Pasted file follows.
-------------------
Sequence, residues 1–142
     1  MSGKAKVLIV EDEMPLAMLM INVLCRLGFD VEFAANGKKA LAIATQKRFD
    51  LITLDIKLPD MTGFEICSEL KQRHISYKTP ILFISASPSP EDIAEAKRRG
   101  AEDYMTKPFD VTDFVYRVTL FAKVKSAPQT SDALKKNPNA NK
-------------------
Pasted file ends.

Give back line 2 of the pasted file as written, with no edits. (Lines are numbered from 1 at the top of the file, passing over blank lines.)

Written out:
     1  MSGKAKVLIV EDEMPLAMLM INVLCRLGFD VEFAANGKKA LAIATQKRFD